Plugging a Bass into a Guitar Amp

The bass guitar is a crucial instrument that lays the rhythmic foundation of a song. It is not surprising that many people gravitate toward it. However, an electric bass is nearly silent without an amp.

Bass amps can be costly. What if you already own a guitar amp? Is plugging a bass into a guitar amp a good idea?

There are many conflicting opinions regarding this matter, but the bottom line is that you can plug a bass into a guitar amplifier without immediately damaging it. However, guitar amps are not designed to handle very low frequencies. Thus, tone quality will be compromised.

Nevertheless, continually using a guitar amp for your bass could potentially shorten the amp’s lifespan. We’ll discuss the risks and the preventative measures you can take to minimize damages. Read on to learn about the pros, cons, and considerations of using a guitar amp for your bass.

Differences Between Bass Amps and Guitar Amps

In terms of appearance, guitar amps and bass amps are nearly identical. But the same cannot be said for their inner workings.

The main differences between their electronic qualities pertain to speaker size, power output, frequency range, and effects.

Frequency Ranges 

Fundamentally, bass and guitar amplifiers work the same. Both types increase the output of electrical signals they receive through an instrument cable.

The frequency range that can be amplified differs between the two. The guitar amplifier has a higher range as guitars produce sounds that have higher frequencies, and so they can amplify frequencies ranging from 70 Hz to 6 kHz. 

Meanwhile, bass amps excel in amplifying frequencies between 40 Hz and 400 Hz. This helps the amplifier to properly amplify the highest bass notes and the low rumble of an open E string.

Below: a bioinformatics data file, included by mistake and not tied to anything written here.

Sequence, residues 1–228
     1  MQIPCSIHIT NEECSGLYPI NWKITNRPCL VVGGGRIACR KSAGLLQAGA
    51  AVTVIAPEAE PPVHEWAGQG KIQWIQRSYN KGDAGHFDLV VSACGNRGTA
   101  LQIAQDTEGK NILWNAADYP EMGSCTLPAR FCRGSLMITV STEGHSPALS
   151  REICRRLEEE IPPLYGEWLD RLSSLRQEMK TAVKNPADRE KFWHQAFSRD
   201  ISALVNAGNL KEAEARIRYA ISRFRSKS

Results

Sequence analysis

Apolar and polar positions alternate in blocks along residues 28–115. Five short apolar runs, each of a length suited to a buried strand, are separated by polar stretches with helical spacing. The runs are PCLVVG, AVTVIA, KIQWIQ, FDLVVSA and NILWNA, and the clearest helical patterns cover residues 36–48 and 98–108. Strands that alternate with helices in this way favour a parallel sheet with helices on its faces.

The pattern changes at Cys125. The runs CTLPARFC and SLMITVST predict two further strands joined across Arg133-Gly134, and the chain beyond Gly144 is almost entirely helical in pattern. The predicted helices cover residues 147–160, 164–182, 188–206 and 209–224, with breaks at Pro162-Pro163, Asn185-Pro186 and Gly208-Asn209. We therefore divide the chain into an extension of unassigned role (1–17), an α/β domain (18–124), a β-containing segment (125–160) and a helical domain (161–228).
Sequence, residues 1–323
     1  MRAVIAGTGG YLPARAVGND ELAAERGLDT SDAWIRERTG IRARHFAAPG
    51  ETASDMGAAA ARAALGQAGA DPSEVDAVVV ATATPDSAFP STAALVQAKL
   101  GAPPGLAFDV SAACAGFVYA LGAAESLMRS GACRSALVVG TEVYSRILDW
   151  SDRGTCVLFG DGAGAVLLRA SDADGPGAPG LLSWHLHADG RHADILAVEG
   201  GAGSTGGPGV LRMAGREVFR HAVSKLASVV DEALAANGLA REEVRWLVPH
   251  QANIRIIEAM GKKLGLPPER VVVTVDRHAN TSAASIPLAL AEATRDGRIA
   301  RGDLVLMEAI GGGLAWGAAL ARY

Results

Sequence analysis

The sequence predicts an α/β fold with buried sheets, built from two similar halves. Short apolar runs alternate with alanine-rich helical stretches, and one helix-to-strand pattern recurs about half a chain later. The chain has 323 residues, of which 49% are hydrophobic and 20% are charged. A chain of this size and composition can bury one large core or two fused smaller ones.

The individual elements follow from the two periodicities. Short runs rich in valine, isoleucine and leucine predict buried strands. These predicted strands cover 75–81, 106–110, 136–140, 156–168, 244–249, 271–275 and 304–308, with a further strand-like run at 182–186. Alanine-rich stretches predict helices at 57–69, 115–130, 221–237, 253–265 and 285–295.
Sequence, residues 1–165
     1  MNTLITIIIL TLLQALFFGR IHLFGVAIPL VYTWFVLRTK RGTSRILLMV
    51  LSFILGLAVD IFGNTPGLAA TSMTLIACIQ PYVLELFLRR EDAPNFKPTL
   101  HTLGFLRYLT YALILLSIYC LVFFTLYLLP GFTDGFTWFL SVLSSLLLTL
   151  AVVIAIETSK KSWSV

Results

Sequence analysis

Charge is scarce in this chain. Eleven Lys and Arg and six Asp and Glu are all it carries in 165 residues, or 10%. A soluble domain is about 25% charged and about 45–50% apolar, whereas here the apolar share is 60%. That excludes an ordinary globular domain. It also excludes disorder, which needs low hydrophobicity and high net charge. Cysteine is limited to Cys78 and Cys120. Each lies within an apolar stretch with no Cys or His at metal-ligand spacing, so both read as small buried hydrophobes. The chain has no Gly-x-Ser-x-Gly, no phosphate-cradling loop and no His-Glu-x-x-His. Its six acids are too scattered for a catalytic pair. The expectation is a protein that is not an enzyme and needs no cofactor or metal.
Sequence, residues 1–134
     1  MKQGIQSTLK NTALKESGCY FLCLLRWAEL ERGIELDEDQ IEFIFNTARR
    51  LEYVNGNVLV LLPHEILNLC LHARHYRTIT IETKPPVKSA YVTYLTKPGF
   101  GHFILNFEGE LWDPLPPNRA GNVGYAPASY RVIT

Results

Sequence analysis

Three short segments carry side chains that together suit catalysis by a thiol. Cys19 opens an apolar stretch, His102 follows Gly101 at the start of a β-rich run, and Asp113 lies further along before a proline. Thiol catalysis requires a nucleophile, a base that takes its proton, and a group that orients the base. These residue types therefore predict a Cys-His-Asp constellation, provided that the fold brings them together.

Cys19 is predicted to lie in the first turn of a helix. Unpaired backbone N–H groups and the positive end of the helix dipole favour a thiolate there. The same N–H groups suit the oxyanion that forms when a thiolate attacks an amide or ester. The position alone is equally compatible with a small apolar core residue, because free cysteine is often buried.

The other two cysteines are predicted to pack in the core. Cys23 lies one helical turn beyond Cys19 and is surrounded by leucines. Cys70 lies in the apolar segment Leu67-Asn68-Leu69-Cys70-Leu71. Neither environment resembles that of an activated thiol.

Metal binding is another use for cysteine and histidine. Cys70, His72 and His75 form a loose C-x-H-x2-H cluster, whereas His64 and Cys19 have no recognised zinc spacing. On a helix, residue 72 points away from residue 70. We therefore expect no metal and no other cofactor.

Speaker Size and Power Output

There is a strong correlation between the size and power of an amp speaker. Guitar amplifiers have thinner, more “delicate” speakers compared to those of bass amplifiers. This is because the higher frequencies of guitars do not require as much power to be made audible.

More specifically, standard bass speaker cabinets usually have speakers ranging from 10– 15 inches in diameter whereas guitar speaker cabinets range from 6-12 inches.

On the other hand, the low and mid-range frequencies of the bass are harder for humans to hear. Thus, bass amps feature larger, higher-wattage speakers to define and emphasize bass notes as clearly as possible.

The large speakers of a bass amp cabinet also move more air which is why you will feel the air around you move during a live bass performance.  Understandably, this takes significant energy.

Simply put, guitar amps just don’t have enough power to properly handle really low notes.

So while you can plug a bass into a guitar amp and it’ll be functional, you won’t get the boominess of a bass amp. Of course, that boominess is part of the fun.

Added Effects

What are added effects?

Effects are the features on the amplifier that help improve and create a wider range of possibilities. The most common effects you’ll see built into an amp include reverb, gain, chorus, and many more.

Guitar amplifiers have more features as it is common for guitarists to utilize them while playing. Thus, guitar amps have more knobs and dials to adjust effects settings. 

On the other hand, bass amplifiers tend to be more minimalistic. You may see a reverb dial in addition to the standard bass, mid-tone, treble, and volume controls.

Why do guitar amps get all the love?

Guitars are more likely to be lead instruments. Effects such as gain add character to guitar solos and complement a variety of genres, from twangy country to dirty heavy metal tones. On the other hand, Bass guitars tend to stay in the background. Too many effects will detract from frontline instruments.

Risks of Plugging a Bass into a Guitar Amp

As we’ve discussed, both the guitar amp and the bass amp are fine-tuned to their respective instruments. Amp brands like Fender, Orange, and others do not design guitar amps to accommodate basses — doing so would necessitate cutting corners and make them less-than-stellar for guitars.

The reverse is also true.

But other than imperfect tones, what are the risks of plugging a bass into an electric guitar amp?

While unlikely, a bass guitar’s low frequencies create some risk for the guitar amplifier and could lead to detrimental situations. 


If you’ve been stopped at a traffic light next to someone blasting bass-heavy rap with a subpar sound system, you know what speaker rattling sounds like.